Charles Potts and I met in Pocatello not long before he left for Mexico, so I didn’t get to know him well until he showed up months later in Seattle. Charlie and LSD came on me at about the same time. Acid was stronger, but had nowhere near Charlie’s legs. He was staying with a friend in Olympia, intent on starting a poetry magazine in Seattle. I had quit my job at Boeing the day after dropping my first acid. I had a room in Abie Label’s “artist’s colony” on the eleventh floor of the Frye Hotel at 2nd and Yesler.(It wasn’t all altruism-the elevator went only to 10. The rooms on 11 were just over 6 ft high on one side, sloping up to about 7 and a half on the other to allow for drainage from the roof.)


I had been reading publications like Screw and Fuck, a lot of Ed Sanders’ and Tuli Kupferberg’s stuff, and other arcana of hipness at Jean Andre’s Id Bookstore on 1st Avenue at Yesler, kitty corner Pioneer Square. Sitting around the Id a lot, one lighthearted day (if that’s the right body part), I wrote a send-up of Poe, encountering his eponymous Raven on acid.

Everybody I read it to thought it was cool, naturally, so I was having my 15 minutes when Charlie came back from Mexico with poetry, or more accurately producing a poetry mag on his mind. He didn’t have a name for it yet, and in my new-found acid consciousness, I reached down into memories of my boyhood and found “Litmus”, with its cool dual entendre of the little strips of paper chemists use to test solutions for acidity, and the alliteral allusion to literature. This account is disputed by the estimable, and otherwise absolutely dependable Larry Kent,  also present and the time, and making the same claim for himself. Maybe we had become the same person in that moment. The difference was that I knew exactly what the idea had sprung from.

My father had given me a chemistry set for Christmas back when you could still get one with everything needed to make black powder. His demonstration of the use of litmus paper was magical, indelible in my memory. I’m not sure Charles is ready even now to acknowledge that I named Litmus. I let him down in the stretch, leading up to the appearance of #1, by failing to get the big old multilith printing machine into orbit, that I had acquired in hopes of ensuring book quality printing work.  I was also smoking a lot of weed by, and during, the time he was laboring herculanimously to get #1 out, and off, and on multiple fronts. He took a job at a motorcycle tire dealer to save enough to move to Seattle from Olympia, where he had, in a very short time, become a popular reader in the [name?] coffeehouse.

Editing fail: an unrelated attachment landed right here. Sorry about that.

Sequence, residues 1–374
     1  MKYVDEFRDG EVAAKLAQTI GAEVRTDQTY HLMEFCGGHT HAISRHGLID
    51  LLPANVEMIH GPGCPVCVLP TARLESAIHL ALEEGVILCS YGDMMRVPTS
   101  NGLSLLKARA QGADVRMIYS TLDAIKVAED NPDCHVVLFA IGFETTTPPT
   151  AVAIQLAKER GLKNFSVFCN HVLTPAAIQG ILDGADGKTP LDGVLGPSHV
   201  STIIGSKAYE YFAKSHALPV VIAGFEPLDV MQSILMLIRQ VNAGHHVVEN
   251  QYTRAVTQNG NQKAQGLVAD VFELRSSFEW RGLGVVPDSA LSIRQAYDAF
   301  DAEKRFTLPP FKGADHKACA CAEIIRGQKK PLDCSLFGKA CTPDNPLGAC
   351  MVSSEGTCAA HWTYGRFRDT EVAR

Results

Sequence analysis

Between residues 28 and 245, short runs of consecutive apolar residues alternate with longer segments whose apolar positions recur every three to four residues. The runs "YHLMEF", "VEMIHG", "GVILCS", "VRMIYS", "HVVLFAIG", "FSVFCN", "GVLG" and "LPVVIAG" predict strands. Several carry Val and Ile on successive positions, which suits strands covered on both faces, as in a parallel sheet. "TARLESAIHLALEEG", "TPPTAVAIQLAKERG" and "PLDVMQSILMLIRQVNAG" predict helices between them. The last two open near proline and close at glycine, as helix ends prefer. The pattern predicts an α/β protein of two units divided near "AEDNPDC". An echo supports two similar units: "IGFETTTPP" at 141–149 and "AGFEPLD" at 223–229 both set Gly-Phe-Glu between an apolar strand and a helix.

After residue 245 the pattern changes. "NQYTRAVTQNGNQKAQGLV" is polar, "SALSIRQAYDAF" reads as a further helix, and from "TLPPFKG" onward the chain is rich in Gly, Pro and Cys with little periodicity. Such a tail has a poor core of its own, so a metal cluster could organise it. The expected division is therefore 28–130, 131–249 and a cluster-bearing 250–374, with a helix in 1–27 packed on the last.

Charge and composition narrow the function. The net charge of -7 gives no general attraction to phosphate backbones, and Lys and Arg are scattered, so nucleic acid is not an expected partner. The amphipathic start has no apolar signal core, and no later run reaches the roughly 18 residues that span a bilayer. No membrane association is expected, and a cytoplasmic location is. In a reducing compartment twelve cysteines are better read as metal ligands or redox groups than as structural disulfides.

I’d had friction with some of the artists at the Frye by then. Their underwear bunched up at my plan to move a noisy printing machine into their Zen sanctuary, as it might disrupt the flow of lissome art groupies fluttering in and out of their ersatz ashram. With no appetite for another war, ‘Nam nowhere near over yet, I bailed from there.

Charles and I took an apartment together for a couple months in Belltown, on 2nd Avenue. We found it tastelessly ironic that our new pad was directly above the navy recruiter’s office. That any of our crowd had to pass the “Go Navy” sign to reach our door, tickled us nonetheless. It was there where I took the photo of Edward Smith in the same bathtub where Charlie has written elsewhere that he had found his roommate breaking up a “key”, and it was also there where I shot the picture of Charlie uprooting the Space Needle, both hands under the cap as if it were a great metallic fungus.

Edward Smith was one of several persons that Charlie and I met in the poetry workshops we led together for the Magic Mountain’s Miriam Rader and her Free University of Seattle project, who would become influential in our lives. I was a farce as far as being a poetry teacher goes. I was a humorist abusing the privilege by pretending to write poetry. While the occasional jokes might amuse, they didn’t make for good poetry. A redeeming fact, perhaps, was that I recognized this before anyone else, with the outcome being that I dumped the A B Dick lemon on a guy eager to strike a blow against the man in the form of a magazine for transvestites, and I bailed.

This left Charlie holding the growing poetry bag-Litmus, poetry class, and all, but with with a pair of good hands. I moved into the back room at Jack Cabe’s Zig Zag Gallery in the Pike Place Market, where I would still be in a position to help Charlie host the “Theodore Roethke Gladness Wake” (he still has the flyers!) About that event I can say that on that evening, Charlie, Edward and another former Pocatellan, Clair Oursler, showed me how exciting a live poetry reading could be; it really had to be if it was to do more than merely derive from others’ earlier work, however magnificent.

Of course I did my Poe turn, which was already tasting stale in my mouth. Edward read his feminist call to arms, “Rise up my cunted ones”; Charlie read “I dream of Oaxaca” (which I had been the first person to hear, earlier, when he finished writing it in Belltown), and Clair, astonishingly enough, read the product liner notes from a package of VA douche powder, by the light of an electric lint remover. Whatever one thinks of Roethke, his name lost some of its luster that night, or if not, at least the 30-odd poets and hipsters who attended the readings left less inclined, probably, to use reverential tones when dropping the name.